Spring break for a lot of families brings sun, fun and road trips! The end of winter is in sight everyone! While adventurous road trips often call for the need of portable snacks, if you’re not prepared, food choices can go down the drain pretty quickly. And poor food choices can actually make crabby kids even crabbier with horrible sugar swings.
First things first: food safety. Investing in a well-insulated cooler will save you money in the end as you’ll be able to pack sandwiches and dairy for quick on-the-go meals. Nonperishable foods can be stored in a strong portable bag — thirtyonegifts.com is a great site for this.
Just like mindless eating in front of the TV, it’s easy to fall into the trap of incessant snacking while on a long drive. Think about your kids’ normal routine at home, when they snack, how much you typically dish out. Try to mimic this schedule while on your trip as much as possible. Knowing that they’ll still want to munch a bit extra, chop up extra bags of fruits and veggies but try to avoid falling back onto nonnutritious options.
Additionally, pack snacks into individual portions that are easy to pass around the car without a mess. Pre-slice fruits and veggies, portion out trail mix and as many snacks as possible into small, resealable bags.
Stick simply with water or unsweetened iced tea. Avoid sugar-laden beverages like soda or Gatorade. Depending on the age of your kids, you might stick with pop tops or metal water bottles that are easy for little fingers to open and close. Freeze these the night before so you can free up room in your cooler for perishables.
Ÿ String cheese and crackers. Choose a whole grain cracker, like Triscuits, portion out six to eight crackers with a string cheese in a resealable baggie for easy access.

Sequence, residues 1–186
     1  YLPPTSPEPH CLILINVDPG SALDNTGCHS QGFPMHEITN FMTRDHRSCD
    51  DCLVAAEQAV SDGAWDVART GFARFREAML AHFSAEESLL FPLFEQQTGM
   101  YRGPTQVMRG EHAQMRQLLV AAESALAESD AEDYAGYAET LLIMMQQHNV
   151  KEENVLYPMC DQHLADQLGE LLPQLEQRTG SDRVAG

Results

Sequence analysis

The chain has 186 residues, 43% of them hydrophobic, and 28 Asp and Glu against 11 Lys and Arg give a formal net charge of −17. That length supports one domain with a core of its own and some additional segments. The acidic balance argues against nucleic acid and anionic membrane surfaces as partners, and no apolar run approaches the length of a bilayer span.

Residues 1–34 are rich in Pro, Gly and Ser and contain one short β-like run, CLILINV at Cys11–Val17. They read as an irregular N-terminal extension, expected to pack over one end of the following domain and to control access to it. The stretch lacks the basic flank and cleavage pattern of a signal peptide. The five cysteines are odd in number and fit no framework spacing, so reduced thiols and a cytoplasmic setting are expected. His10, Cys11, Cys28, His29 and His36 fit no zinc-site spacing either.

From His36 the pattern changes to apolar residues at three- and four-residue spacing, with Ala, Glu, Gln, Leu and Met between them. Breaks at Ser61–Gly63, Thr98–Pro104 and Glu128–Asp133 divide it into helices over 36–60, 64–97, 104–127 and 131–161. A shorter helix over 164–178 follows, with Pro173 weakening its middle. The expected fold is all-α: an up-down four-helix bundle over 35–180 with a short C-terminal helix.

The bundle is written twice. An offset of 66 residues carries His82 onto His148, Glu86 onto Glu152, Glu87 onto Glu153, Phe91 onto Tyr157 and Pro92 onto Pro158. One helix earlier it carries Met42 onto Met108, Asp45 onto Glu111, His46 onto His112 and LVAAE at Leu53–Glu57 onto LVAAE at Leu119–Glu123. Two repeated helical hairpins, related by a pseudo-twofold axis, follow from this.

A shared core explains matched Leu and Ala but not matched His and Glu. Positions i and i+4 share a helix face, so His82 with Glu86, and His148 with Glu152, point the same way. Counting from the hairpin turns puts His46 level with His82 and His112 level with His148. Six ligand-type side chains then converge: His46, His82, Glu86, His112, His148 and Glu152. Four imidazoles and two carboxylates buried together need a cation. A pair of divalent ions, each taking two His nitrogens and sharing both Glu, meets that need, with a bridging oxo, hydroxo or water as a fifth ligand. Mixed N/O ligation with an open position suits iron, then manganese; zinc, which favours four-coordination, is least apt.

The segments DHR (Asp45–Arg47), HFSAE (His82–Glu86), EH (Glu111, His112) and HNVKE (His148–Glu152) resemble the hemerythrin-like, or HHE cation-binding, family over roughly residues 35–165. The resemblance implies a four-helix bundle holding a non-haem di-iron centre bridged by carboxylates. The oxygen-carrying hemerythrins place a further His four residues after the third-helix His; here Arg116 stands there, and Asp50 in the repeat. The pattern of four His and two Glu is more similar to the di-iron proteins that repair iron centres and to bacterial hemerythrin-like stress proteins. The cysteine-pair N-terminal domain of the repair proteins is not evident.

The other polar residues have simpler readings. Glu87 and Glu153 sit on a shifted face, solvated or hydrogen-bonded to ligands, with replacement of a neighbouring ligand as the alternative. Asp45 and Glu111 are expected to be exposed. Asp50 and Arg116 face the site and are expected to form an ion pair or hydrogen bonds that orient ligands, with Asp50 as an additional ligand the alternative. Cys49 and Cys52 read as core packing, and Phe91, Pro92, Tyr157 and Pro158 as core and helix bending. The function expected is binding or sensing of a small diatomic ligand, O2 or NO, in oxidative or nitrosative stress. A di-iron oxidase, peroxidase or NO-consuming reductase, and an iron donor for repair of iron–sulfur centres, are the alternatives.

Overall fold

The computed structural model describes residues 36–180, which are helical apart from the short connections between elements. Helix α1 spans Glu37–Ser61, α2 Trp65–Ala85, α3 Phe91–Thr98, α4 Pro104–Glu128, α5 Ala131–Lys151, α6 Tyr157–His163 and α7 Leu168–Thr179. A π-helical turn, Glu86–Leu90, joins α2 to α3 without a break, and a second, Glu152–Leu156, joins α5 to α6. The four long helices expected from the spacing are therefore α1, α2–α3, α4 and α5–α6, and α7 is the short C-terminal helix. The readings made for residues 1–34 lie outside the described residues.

Ÿ Gorp (or trail mix). Head to your local grocery store that has bulk bins. Give each child a small bag and let them mix and match their own trail mix. Stick with nuts and fruits, with chocolates as a minimal additive.
Ÿ Plain popcorn. Air pop as many servings of popcorn as you need ahead of time and portion into your bags. If the kids need flavoring, they can sprinkle their choice into their bags, shake it up and enjoy without making a mess.
Ÿ Sliced fruit and veggies. Great mess-free options include, apples, bananas, grapes, cucumbers, grape tomatoes, carrots and sugar snap peas.
Ÿ Vita Muffin Tops. Easy, portable and can help settle a sweet tooth without giving in to a bag of M&M’s from the gas station.
Ÿ Granola bars. Try Kind Bars or Lara bars for the biggest nutritional punch in a small package.
Ÿ Stuffed pita. Letting each kid pack their own pitas will help ensure a peaceful on-the-go meal. Try stuffing with egg, cheese and ham for an easy breakfast sandwich or hummus, cucumbers and turkey for a quick lunch.
Ÿ Sabra Hummus To-Go. Already portioned for you, this package has two parts: one side hummus, one side crackers. Can’t go wrong.
Almost just as important as planning your food is planning for the cleanup. Decide whether you want to have one central garbage bag or mini-garbage bags near each kid’s area (grocery bags work well for this). Keep a package of baby wipes available to keep sticky fingers from making a sticky car and a roll of paper towels for any extra clean up.
Above all, enjoy your week off and enjoy your family. I hope everyone has a safe, fun and sunny spring break, whether you’re traveling or sticking close to home. Enjoy!
Contact me: If you have any feedback, comments or questions on this topic or any others, I would love to hear from you! You can send me an email at firstname.lastname@example.org with your thoughts.
Ÿ Christina Fitzgerald, a registered dietitian and licensed dietitian nutritionist, is the owner of Nourished, Nutrition and Wellness, nourishedliving.com. She lives with her husband and two young sons in the Northwest suburbs.Copyright © 2014 Paddock Publications, Inc. All rights reserved.